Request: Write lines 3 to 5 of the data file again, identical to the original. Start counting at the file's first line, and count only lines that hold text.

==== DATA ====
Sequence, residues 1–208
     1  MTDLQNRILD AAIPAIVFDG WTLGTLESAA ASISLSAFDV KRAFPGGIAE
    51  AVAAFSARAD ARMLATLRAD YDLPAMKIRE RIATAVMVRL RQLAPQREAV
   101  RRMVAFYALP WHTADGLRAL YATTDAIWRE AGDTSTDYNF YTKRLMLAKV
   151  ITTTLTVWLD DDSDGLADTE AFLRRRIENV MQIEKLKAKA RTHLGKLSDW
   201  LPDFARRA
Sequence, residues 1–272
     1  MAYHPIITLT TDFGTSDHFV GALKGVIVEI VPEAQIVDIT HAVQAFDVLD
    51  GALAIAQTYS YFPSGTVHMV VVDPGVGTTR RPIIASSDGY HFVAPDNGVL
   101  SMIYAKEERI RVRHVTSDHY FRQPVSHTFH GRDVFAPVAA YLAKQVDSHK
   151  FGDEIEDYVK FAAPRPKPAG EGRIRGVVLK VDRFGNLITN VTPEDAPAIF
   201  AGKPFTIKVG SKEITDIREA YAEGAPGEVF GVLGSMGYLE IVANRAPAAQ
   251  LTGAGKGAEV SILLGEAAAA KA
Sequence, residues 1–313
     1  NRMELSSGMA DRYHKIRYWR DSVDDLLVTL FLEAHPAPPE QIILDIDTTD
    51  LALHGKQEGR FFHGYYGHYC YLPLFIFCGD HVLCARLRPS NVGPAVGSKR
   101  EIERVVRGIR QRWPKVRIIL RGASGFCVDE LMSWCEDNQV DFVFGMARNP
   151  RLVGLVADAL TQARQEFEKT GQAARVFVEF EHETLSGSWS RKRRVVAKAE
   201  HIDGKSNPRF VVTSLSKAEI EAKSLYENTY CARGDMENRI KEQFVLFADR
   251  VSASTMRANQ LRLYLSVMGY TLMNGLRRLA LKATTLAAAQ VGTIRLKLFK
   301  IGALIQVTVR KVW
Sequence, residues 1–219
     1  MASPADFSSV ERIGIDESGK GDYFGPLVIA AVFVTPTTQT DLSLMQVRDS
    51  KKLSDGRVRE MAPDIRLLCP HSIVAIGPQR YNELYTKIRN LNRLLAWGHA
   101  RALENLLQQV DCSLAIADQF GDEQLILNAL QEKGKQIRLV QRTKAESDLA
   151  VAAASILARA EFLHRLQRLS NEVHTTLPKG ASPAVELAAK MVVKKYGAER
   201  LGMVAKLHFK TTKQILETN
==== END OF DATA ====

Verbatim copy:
    51  AVAAFSARAD ARMLATLRAD YDLPAMKIRE RIATAVMVRL RQLAPQREAV
   101  RRMVAFYALP WHTADGLRAL YATTDAIWRE AGDTSTDYNF YTKRLMLAKV
   151  ITTTLTVWLD DDSDGLADTE AFLRRRIENV MQIEKLKAKA RTHLGKLSDW